In a rare new interview with British newspaper the Sunday time, Oscar winner Morgan Freeman explains why he objects to the term “African-American”, and why it is “insult” to limit teaching Black history to just one month.
In the interview, Freeman, 85, was asked about his past comments, in a 2005 interview with CBS’s Mike Wallace, about how not talking about race could help end racism.
“Two things I can say publicly that I don’t like: Black History Month is an insult. You’re going to bring my history down to a month? Freeman responded.
“Also ‘African-American’ is an insult,” he added. “I don’t subscribe to that title. Black people have different titles since the n-word and I don’t know how these things got so gripping, but everyone uses ‘African American. ‘What does that actually mean?’
He continued, “Most black people in this part of the world are mongrels. And you say Africa as if it’s a country when it’s a continent, like Europe,” comparing this to people of European heritage that certain countries refer to, such as being Irish-American or Italian-American.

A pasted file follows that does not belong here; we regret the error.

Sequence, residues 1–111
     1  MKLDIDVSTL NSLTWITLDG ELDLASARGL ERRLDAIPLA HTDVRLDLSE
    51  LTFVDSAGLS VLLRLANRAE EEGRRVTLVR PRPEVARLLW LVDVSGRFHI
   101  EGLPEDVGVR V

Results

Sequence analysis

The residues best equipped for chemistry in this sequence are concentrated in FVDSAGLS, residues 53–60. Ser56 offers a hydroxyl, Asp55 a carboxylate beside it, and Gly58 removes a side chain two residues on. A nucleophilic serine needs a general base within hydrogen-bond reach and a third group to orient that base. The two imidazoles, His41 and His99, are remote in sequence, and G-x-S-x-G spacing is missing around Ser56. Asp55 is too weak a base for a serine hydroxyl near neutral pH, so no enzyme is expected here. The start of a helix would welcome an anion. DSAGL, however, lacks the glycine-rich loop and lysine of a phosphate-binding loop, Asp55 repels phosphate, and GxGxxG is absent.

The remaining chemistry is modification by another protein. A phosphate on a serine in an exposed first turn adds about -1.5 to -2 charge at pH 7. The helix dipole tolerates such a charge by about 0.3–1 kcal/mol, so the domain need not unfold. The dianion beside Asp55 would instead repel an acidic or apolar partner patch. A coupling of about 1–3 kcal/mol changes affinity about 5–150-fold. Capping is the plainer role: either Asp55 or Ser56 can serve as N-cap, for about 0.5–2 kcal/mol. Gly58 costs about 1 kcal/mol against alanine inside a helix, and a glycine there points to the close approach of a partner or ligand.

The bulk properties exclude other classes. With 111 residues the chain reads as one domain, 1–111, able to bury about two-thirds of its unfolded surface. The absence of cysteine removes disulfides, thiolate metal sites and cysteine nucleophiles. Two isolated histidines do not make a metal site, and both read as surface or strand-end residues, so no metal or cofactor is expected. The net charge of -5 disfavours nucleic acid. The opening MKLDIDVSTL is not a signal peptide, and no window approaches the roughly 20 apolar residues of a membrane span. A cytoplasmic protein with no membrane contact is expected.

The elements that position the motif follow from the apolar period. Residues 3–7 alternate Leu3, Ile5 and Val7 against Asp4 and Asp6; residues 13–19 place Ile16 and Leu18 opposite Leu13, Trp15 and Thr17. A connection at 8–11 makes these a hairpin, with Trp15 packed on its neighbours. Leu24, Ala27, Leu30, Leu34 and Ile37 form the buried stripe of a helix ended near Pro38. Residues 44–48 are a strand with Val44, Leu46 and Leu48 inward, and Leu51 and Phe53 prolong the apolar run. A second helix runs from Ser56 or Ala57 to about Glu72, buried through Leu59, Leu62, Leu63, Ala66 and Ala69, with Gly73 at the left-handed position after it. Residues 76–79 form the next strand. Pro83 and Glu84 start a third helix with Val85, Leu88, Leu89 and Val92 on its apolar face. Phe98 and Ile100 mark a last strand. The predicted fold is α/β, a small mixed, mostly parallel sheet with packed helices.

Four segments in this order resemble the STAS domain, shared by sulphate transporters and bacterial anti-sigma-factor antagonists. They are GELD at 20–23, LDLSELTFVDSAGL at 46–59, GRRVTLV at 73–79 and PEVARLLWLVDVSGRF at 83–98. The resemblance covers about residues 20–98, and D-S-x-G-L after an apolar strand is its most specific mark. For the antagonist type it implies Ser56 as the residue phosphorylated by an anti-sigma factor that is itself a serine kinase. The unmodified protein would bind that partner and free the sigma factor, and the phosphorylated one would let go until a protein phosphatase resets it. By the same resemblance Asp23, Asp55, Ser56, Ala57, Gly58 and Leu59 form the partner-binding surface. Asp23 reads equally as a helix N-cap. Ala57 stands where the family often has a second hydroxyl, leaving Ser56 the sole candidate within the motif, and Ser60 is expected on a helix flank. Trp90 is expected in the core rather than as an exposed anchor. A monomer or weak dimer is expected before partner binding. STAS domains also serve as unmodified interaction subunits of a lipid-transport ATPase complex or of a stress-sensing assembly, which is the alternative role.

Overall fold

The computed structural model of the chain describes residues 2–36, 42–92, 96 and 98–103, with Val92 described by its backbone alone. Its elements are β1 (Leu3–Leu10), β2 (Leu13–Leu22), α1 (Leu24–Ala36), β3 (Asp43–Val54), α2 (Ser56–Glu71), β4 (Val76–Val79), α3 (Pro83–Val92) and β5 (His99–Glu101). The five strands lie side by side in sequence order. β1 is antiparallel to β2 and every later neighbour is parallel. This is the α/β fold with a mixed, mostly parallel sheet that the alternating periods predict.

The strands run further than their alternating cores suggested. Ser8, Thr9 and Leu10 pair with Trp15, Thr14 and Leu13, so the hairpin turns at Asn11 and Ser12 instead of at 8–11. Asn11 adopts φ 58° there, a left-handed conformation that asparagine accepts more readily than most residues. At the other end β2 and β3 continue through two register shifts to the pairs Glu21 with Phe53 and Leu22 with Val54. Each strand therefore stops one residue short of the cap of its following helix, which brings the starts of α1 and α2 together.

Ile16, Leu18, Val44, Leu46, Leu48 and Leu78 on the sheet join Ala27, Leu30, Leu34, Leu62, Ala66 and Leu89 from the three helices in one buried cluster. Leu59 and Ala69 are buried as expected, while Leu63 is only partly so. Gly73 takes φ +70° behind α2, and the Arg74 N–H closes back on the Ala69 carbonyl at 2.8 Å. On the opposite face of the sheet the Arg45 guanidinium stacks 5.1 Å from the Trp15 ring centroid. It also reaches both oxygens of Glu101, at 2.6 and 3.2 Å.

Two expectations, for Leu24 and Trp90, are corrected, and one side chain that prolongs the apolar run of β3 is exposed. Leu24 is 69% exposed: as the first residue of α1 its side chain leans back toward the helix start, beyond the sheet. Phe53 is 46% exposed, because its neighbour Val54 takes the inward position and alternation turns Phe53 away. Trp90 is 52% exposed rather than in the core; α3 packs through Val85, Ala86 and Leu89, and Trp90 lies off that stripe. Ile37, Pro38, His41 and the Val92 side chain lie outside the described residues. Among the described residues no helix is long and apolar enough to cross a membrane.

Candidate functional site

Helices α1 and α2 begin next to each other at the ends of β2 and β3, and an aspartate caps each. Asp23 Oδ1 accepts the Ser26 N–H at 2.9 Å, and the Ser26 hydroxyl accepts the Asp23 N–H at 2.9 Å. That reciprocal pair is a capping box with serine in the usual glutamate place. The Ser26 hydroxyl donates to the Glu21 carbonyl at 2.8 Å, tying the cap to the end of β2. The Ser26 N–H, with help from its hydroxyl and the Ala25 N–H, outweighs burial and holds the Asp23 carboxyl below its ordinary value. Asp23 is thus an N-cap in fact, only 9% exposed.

When interviewer Jonathan Dean mentioned fellow actor Denzel Washington, and his statement, “I’m very proud to be black, but I’m not really black,” Washington echoed the sentiment.
“Yeah, that’s right. I totally agree,” Freeman shared. “You can’t define me like that.” He also noted that he is “very jealous of Denzel’s career, because he does what I want to do.”
Freeman, who is currently in the role with Florence Pugh Good personwent on to discuss how things had changed since he first started acting in the 1960s, rising from minor stage roles to beloved children’s programs. Electricity company. He believes the industry has become more inclusive, noting that for a long time the roles of black actors were typically comedic “When I was growing up, there was no ‘I’ in movies,” he shares.
“The change is that everyone is involved now,” Freeman added. “Everyone. LGBTQ, Asian, Black, white, interracial marriage, interracial relations. All represented. You see it all on screens now and it’s a huge leap.”
The actor also thought about where he would end up if he didn’t find success in Hollywood.
“People ask, ‘What are you going to do if you don’t make it?’ I don’t know,” he said. “Driving a limo? But I’ll be at the community theater. I will act. But along with guts it also takes luck. You need some serious courage and luck. I credit my career with both.